Although its a premature anniversary year, and there is plenty more to "celebrate" (if thats the right term) looking back forty years to 1968, Catrin Einhorn's reporting in this mornings NYTimes about an extraordinary plea bargain in Chicago, brought that year and that place back to me with a cold awakening.

It was my first full year back in the city of my birth. We had moved in the summer of 1968, sometime between the deadly riots that had followed Martin Luther King's assassination in April and the less lethal but spectacular events in the streets outside the Democratic Party's national convention in August. Both waves of violence had involved heavy handed police brutality.

As 1969 dawned, the city was divided and dismayed. Long a bastion of the national Democratic Party, the campaign that began in that ruinous convention had ended with the election of Republican Richard Nixon (who may have had Mayor Daley's tacit support but not his affections). For African Americans, long held to a humiliatingly thin slice of the city's racially hierarchical machine politics, the King riots had opened up a chapter of new vulnerabilities. The Chicago Police Department, dominated by sons of the city's Irish, Italian, and Polish neighborhoods, had always been a force of terror for African Americans. The Mayor's "shoot to kill" order during the riots took that to a war like level that would culminate in December of 1969 in the execution style slaying of Black Panther leader Fred Hampton by a unit of the Cook County State Attorney's office (read the Wikipedia article on Hampton).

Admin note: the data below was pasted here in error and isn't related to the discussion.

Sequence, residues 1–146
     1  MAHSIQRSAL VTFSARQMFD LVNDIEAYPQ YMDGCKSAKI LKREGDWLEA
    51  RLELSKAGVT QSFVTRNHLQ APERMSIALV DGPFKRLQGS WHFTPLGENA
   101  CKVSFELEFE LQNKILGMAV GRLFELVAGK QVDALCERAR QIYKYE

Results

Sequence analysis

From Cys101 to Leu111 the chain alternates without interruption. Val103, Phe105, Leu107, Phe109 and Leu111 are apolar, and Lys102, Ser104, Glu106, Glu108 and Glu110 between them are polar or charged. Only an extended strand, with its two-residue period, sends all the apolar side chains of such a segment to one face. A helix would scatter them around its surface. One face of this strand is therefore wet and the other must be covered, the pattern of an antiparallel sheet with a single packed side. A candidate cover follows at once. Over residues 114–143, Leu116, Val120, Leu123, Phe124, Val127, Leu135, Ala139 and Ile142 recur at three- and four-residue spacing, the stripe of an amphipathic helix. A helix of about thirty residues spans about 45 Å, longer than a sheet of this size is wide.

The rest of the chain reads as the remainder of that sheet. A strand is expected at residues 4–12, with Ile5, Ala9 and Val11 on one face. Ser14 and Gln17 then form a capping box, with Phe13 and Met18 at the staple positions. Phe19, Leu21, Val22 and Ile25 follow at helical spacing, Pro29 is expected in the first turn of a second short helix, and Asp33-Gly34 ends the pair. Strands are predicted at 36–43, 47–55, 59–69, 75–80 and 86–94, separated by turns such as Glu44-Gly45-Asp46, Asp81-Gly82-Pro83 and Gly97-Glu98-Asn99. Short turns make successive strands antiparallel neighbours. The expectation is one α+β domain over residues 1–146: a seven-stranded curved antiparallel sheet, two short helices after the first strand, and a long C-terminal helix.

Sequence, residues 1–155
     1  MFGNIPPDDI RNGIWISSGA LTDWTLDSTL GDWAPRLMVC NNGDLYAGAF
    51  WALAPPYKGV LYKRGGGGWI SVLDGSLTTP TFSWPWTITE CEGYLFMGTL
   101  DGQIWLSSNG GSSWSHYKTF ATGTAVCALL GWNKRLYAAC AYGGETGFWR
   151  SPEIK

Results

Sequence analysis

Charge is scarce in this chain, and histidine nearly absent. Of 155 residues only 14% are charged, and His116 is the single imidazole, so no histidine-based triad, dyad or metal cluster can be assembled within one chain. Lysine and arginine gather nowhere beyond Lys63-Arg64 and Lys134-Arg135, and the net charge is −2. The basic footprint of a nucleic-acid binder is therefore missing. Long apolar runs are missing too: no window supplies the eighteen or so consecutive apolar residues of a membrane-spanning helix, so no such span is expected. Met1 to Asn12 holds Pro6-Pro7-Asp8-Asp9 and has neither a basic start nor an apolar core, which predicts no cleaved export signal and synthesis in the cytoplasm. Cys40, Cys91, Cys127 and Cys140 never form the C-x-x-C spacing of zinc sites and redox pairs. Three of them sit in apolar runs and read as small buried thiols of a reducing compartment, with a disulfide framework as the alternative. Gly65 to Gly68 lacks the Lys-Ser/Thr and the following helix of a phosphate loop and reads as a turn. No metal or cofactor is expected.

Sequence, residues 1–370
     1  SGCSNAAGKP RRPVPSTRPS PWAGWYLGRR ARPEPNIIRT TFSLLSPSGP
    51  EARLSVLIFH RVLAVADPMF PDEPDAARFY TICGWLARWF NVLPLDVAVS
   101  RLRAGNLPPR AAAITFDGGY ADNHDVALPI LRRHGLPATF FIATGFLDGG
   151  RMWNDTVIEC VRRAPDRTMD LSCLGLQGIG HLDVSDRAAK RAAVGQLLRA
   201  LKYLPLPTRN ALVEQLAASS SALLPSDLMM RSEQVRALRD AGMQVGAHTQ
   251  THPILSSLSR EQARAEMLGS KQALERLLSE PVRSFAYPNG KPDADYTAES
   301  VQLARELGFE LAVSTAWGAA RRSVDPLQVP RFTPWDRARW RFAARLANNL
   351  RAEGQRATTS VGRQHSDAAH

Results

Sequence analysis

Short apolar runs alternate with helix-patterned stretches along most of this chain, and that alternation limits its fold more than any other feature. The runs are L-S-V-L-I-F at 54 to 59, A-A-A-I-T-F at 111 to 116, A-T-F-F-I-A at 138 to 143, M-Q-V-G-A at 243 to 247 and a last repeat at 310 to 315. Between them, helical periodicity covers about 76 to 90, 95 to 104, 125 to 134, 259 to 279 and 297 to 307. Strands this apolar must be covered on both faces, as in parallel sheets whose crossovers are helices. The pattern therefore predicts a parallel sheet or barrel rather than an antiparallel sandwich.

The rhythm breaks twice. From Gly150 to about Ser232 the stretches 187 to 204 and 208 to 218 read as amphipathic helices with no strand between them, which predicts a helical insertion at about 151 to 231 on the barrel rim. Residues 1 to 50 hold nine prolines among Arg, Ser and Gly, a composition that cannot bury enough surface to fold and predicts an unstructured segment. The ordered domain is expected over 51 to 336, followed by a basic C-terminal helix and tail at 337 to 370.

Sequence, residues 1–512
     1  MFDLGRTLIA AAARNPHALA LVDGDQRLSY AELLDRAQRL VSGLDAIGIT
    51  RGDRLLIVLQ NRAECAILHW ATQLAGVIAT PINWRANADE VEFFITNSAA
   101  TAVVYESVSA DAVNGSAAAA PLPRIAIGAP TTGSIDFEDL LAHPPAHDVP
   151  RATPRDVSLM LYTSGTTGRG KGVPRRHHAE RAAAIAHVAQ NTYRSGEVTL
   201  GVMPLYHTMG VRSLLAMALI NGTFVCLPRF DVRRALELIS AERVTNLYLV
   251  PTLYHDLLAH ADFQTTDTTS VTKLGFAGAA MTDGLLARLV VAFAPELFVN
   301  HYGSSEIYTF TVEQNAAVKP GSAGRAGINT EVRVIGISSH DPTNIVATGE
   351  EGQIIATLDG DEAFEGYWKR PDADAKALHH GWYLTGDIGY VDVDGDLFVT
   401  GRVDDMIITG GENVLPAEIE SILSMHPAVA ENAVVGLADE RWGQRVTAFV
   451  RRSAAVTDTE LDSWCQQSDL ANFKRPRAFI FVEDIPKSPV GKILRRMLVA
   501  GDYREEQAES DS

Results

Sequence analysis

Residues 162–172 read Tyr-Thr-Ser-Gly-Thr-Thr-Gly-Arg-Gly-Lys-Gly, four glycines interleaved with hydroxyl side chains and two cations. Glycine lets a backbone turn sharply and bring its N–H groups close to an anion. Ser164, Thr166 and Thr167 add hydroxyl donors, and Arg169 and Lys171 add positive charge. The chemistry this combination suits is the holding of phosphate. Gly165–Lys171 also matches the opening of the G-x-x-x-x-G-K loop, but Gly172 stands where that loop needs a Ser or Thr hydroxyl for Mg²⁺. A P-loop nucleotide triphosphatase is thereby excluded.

Hampton's murder, which I remember reading about in the Sun-Times over a bowl of breakfast cereal, scared the hell out of me. A pudgy 10 year old from a Jewish left-wing family, soaked in post-Holocaust consciousness, it seemed quite plausible to me that if they could murder a leader of the city's huge black population in his bed, they could build camps and gas a few unpopular lefty Jews with impunity (and hadn't Daley called Abe Ribicoff a "Jew Motherfucker" on the floor of the convention after Ribicoff explicitly compared the Chicago Police to the Gestapo).

In March of 1969, in an event that I have no memory of but fits a like glove in the sequence of that terrible year, Joseph Pannell, then 19, fired a bullet at Terrence Knox, then a 21 year old Chicago Police officer. Knox survived but has suffered from the wound in his arm ever since. The officer testified that he was asking the black teenager why he was not in school (but he was 19?). Pannell, long known in Canada, where fled on bail from the crime, as Gary Freeman (clever), may have been a member of the Black Panther Party in Chicago, and according to one of his earlier lawyers, shot in self defense.

The plea bargain that brings this case to light, and to an end, has all the feel of a movie. Pannell, arrested in Canada in 2004, gave up his fight for extradition, impressed he said, by what it meant that the current Mayor Daley (son of Hizzoner), had endorsed Barak Obama for President. Terrence Knox, who left the Police Department for a career in business, questioned what would be gained by spending hundreds of thousands of dollars to prosecute and imprison a man who had lived a crime free and socially responsible life ever since. So instead of up to 23 years in prison, Pannell and his family are coming up with $250,000 (that better be Canadian!) in a donation to a relief fund for families of wounded Chicago Police officers. Mr. Pannell will spend 30 days in jail and two more years on probation.